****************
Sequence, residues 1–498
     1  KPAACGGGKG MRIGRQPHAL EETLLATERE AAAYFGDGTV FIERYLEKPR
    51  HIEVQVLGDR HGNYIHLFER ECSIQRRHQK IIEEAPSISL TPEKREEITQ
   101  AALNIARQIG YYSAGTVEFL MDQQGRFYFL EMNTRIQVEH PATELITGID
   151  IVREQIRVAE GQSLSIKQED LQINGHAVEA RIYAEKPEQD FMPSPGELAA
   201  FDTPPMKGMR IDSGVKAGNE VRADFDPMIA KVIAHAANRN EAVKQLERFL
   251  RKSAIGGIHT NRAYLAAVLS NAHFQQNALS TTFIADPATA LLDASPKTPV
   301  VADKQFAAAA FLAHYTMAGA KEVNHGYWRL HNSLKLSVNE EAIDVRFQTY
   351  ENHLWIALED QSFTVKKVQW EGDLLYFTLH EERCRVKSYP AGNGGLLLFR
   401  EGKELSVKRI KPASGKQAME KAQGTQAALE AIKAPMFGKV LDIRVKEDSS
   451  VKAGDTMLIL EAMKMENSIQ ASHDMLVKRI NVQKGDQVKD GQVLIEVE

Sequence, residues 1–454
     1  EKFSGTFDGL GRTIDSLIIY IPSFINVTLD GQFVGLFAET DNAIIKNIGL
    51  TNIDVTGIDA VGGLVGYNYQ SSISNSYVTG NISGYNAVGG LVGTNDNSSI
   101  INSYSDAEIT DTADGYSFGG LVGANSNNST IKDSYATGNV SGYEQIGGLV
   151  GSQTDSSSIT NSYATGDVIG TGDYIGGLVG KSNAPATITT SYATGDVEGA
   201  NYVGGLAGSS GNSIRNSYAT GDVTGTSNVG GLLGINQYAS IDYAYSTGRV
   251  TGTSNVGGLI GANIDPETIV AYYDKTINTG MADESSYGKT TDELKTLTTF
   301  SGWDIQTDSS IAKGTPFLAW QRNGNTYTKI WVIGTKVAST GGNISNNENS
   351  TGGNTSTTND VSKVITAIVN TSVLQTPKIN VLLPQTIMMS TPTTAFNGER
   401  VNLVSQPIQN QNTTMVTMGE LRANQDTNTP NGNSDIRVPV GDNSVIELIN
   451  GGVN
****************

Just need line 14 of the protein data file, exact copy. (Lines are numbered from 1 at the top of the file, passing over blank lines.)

    51  TNIDVTGIDA VGGLVGYNYQ SSISNSYVTG NISGYNAVGG LVGTNDNSSI